I met a traveller from an antique land
Who said: “Two vast and trunkless legs of stone
Stand in the desert. Near them on the sand,
Half sunk, a shattered visage lies, whose frown
And wrinkled lip and sneer of cold command
Tell that its sculptor well those passions read
Which yet survive, stamped on these lifeless things,
The hand that mocked them and the heart that fed.
And on the pedestal these words appear:
`My name is Ozymandias, King of Kings:
Look on my works, ye mighty, and despair!’
Nothing beside remains. Round the decay
Of that colossal wreck, boundless and bare,
The lone and level sands stretch far away”.
But what Jesus gives us, that peace that passes all understanding, that we will have forever, if we but listen to him, if we but keep his commandment.
In many churches, either after Communion, or at some other point during worship, there is often something called “passing the peace”, when members of the congregation shake hands or hug, and say something like “Peace be with you.” Some people are uncomfortable with doing this, while others rejoice that they are able to take part in such an expression of Christian love. But, for the sake of those people who may be uncomfortable, I have decided not to do it as a regular part of worship, even on those days like today when we celebrate the Lord’s Supper. I do stand at the exit after worship, and shake hands with those who wish to do so, and I think that by doing this, we are sharing God’s peace. But I have often wondered what we mean when we offer each other peace? What kind of peace are we talking about? Are we talking about an absence of conflict or war? Are we talking about some kind of ethereal, mystical peace, in which everyone sits quietly together, naval-gazing? Or is the peace that Jesus gives us something completely different?
I think that the peace Jesus wishes us is a peace that allows to be still, and to listen to the voice of God, as Elijah finally did. There is a story about a rich man who wanted a picture painted that would depict peace. So he commissioned an artist, and told the artist nothing more than that. I want a picture that shows peace. And he left it to the artist to figure out how best to depict it. So the artist painted a picture of an English country-side – all green, with a soft blue sky. There were a couple of clouds drifting overhead, and a cow grazing in the field. The rich man looked at it, and said, “That’s not what I want. I want a picture of peace.” So the artist went away and thought some more. The next picture he brought to the rich man was of a mother holding her baby. The baby was sleeping, and the mother was looking down at the baby with a gentle smile. Surely, thought the artist, this picture will satisfy my patron. But no, this was not what the rich man wanted either. So the artist returned to his studio, and this time, he was not happy with his job. He couldn’t figure out what the rich man wanted. He thought, and he thought, and he paced up and down. Finally, he prayed about it. Then he went to his blank canvas and began to paint furiously. A couple of days later, he brought the finished painting to the rich man, who studied it carefully. Then he said, “This is exactly what I wanted. Finally, you have captured the essence of peace.” And what was the picture? It could have been painted in my home province, as it showed a storm dashing against a cliff beside the sea. Black rain clouds were being blown furiously by the wind, and lightning was flashing in several places. The waves were crashing furiously against the cliff, and whitecaps were everywhere in evidence. But if you looked carefully, right in the middle of the picture, under an overhanging rock, there was a small seabird, safe and dry in her nest. The bird was totally at peace, even with the storm raging all around her.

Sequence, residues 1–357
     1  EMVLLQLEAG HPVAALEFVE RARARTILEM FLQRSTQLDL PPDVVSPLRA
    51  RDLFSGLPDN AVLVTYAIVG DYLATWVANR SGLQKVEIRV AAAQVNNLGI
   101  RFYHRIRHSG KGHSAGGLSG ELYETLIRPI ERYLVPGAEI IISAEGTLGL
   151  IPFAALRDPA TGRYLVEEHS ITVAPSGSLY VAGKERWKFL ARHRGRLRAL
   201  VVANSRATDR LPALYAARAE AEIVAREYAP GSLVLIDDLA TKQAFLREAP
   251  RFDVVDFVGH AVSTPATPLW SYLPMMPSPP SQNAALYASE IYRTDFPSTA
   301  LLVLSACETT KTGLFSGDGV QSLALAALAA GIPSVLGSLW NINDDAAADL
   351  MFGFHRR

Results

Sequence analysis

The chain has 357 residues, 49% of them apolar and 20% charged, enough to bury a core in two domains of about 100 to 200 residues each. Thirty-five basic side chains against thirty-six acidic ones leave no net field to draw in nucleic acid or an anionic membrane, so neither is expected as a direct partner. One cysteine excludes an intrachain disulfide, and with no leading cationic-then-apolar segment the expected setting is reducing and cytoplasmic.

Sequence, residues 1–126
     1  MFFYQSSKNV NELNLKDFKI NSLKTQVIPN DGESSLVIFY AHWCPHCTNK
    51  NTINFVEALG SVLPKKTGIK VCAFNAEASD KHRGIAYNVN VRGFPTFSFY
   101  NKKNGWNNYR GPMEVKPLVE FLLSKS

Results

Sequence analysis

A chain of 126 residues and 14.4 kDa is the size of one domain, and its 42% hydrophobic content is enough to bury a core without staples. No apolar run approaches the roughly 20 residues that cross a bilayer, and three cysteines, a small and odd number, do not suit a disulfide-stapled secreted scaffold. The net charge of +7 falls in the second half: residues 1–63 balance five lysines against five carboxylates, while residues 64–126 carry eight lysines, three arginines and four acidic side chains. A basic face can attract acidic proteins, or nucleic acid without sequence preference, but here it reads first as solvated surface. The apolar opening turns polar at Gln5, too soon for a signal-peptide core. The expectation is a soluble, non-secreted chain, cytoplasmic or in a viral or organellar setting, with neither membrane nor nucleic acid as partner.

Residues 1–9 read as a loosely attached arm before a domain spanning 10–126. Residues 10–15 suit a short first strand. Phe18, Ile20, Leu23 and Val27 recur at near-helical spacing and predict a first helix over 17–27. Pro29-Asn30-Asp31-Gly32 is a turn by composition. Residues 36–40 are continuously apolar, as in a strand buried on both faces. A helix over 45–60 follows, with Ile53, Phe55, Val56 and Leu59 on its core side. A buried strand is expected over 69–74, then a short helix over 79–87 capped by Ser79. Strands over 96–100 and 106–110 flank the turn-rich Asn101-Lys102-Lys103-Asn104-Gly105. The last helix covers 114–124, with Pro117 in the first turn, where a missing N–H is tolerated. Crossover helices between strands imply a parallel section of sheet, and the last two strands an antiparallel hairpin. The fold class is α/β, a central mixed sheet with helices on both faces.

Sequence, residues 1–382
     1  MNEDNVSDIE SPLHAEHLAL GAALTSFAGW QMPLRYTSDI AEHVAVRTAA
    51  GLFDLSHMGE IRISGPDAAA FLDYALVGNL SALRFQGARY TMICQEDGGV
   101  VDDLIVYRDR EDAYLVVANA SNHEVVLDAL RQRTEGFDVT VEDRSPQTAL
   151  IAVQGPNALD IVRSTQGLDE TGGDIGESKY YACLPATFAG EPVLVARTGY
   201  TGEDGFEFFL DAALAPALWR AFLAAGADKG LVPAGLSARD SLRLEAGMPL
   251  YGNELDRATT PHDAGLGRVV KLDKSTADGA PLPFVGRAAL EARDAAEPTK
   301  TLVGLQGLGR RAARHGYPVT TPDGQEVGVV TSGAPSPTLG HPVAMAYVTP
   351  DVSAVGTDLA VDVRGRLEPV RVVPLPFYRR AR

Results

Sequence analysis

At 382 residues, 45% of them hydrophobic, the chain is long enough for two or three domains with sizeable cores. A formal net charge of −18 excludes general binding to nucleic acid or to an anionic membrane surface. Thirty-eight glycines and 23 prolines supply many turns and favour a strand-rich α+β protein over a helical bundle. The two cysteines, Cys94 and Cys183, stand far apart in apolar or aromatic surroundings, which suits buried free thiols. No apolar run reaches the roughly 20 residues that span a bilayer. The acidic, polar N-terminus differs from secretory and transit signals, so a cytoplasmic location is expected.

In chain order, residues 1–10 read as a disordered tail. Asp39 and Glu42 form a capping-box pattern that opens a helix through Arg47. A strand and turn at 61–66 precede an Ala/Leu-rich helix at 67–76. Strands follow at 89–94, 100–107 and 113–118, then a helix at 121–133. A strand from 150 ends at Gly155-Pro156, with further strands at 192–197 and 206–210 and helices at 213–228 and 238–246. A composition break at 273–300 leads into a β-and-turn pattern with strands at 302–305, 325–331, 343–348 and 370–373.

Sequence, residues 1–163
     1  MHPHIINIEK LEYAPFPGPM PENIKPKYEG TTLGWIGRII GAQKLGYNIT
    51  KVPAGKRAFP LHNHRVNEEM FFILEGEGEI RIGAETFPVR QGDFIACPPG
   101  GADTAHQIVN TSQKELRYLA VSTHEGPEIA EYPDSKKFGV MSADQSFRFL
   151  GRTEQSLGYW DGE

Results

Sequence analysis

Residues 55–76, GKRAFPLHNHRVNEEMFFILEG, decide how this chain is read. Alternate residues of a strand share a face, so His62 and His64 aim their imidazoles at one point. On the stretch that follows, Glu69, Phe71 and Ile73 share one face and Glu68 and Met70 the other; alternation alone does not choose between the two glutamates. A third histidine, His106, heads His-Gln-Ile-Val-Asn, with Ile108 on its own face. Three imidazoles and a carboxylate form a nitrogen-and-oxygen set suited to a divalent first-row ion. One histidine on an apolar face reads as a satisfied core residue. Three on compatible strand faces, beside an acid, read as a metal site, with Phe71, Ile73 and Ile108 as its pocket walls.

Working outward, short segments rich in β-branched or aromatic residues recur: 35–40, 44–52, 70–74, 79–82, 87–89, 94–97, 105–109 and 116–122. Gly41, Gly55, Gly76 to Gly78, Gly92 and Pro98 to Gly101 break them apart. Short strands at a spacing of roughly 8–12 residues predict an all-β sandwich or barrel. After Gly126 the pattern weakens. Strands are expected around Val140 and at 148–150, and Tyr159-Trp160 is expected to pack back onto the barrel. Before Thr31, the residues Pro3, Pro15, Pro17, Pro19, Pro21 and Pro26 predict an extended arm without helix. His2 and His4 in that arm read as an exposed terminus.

And this, this is the peace that Jesus wished for his disciples, and that he wishes for us today. This peace, even in the midst of turmoil, even in the midst of horrible things happening all around us, this is the kind of peace he means.